So once again I was busy and was only able to read a chapter of Get Me Out. Nevertheless, I will be as thorough as possible.
So currently the chapter I read was called “Leaving Home”. It describes a lot of not exactly scandalous, but definitely shady things as well as the rising of the Lying-In hospital, it’s evolution and how it started out.
The New York Lying-In Hospital opened in 1902, which was pretty much the pacesetter for what most Lying-Ins look like. At the time many women preferred their midwives to doctors. And honestly in the age we’re talking about I don’t blame them. Whole to the doctors they may have seen it as unhygienic, the pregnant woman must have preferred the familiarity of a midwife from their own country, who serves the, their own food, not something foreign that they may not be comfortable with. While with baby I remember how my aunt basically didn’t want to leave the house when the delivery date was near. She had an at home birth and she had said she liked it a lot. She had privacy, and she was comfortable. She loved that she didn’t have to leave the house for it.
On the other hand, doctors were probably better trained in case a woman needed a C-Section or would need a forcep to pull out the baby. The options are both logical, but with different repercussions.
The Lying-In itself at the time had more inexperienced people did they did actual doctors. And even then “Doctors” may not even know what they’re doing. One of my favorite quotes is this one:
“”I hope I did not behave too badly. You see, this is the first baby I’ve ever had”- to which the doctor replied, “You’ve nothing on me. This is the first baby I’ve ever seen born.”” (Pg. 64-65)
Another reason why it’s understandable that women didn’t want to give birth in a hospital. But in the 1930’s it all changed. Well not all, but the doctors did get what they wanted.
“In 1900, 5 percent of women gave birth in hospitals. By the 1930’s, about half of all women and 75 percent of women in cities delivered in hospitals. And by the 1960’s, nearly every pregnant woman chose a hospital birth over a home birth. The dramatic shift has been portrayed as a successful campaign by obstetricticians, a fairly new specialty at the turn of He century to clamor int to bolster their status and push midwives aside” (pg. 65)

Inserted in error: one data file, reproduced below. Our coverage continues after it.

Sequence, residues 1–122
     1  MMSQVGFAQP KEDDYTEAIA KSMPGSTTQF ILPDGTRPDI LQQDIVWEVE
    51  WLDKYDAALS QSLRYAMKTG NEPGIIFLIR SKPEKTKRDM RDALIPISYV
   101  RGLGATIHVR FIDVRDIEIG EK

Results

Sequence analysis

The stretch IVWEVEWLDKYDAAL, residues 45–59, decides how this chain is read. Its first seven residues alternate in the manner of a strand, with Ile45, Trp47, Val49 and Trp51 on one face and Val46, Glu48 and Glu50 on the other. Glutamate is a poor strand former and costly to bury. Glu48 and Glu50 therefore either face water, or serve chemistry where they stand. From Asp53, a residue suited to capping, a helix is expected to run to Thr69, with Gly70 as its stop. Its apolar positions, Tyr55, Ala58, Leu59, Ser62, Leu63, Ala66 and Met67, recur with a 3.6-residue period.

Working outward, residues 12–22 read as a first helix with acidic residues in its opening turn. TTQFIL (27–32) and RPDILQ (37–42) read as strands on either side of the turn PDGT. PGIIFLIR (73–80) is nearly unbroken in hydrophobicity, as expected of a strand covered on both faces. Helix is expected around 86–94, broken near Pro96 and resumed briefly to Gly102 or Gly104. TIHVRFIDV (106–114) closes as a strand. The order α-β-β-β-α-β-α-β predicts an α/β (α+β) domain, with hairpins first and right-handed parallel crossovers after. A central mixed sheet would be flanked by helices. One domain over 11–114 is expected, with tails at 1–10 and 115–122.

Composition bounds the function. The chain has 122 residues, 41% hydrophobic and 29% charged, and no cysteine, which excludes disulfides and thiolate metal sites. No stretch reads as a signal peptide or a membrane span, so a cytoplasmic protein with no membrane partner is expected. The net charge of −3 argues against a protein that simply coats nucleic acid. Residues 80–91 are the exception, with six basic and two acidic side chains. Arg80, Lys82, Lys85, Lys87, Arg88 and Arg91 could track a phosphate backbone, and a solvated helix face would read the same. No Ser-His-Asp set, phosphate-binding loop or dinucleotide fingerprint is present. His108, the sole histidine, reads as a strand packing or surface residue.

A rather nice way to say it. I think of it more as the doctors slandering them, as it was mostly mentioned in the beginning of the book.
“The early years of the Lying-In were a constant struggle for money.” (Pg. 66)
That was certain. For a while in 1827 the venture died. The Lying-In existed in name only. People held meeting occasionally and collected the funds.
Fast forward to 1890 when Markoe and Almbert decided they would “do better than e competition in New York”. They purchased a tenement and raised money by producing a show. They brought medical student to start their clinic by advertising the fact that they could study under them and test in heir hospitals. The real deal breaker was when Lambert’s dad met the president of of the Society of the Lying-In in 1882. Lambert’s father asked Duer (said president) to help fund his son’s clinic and he agreed by offering $2,000. After a few months though, one hung to another and they were absorbed into the Society of the Lying-In.
“With the support of the society, business skyrocketed. In the first years of business- -in the pre-Lying-In Society years– doctors delivered about 199 babies.” (Pg. 69)
After that things seemed to just get better and better. They bought a mansion to take care of more guests and such. Business was booming, employees were getting payed, they even attended to the poor women in the area, which they advertised as an act of humanitarianism. Funny thing about it was though:
“It was an odd schizophrenic response to the immigrant issue, as he ladies raised money to help the poor pregnant women and yet feared their proliferation.” (Pg. 73)
And so the press decided to snoop, and what they found did not help the Lying-In’s image at all. They reported that of course charity may be a part of it, but the majority of he money of course went to the “clinical material necessary for carrying on the business of medical teaching.” (Pg. 74)
You could say that money was given to the poor incidentally. And on top of that the students that were taught ere were not living in good conditions and were also not being suoervised much or really at all.
And because Markoe was rather intolerant, most people resigned. He said that “Everyone is replaceable.” (Pg. 75) After a while though he resigned as well.
And so the dream of helping a mass of local poor women deliver babies died for a bit. Though as one thing died, other things started emerging. While the home versus hospital arguments still hung in the air, home births were getting a good word in too now.
“In 1938, Life magazine ran a center spread called “Birth of a Baby” that showed a woman giving birth at home.” (Pg. 77)
And so the chapter ends with that.
Honestly I ink that while home births are incredible and natural I would offer to deliver in a hospital. I know about too many things that could happen and I don’t want to be caught off guard at home. Maybe a mixture of both? Like a trusted Doctor that I know well and trust.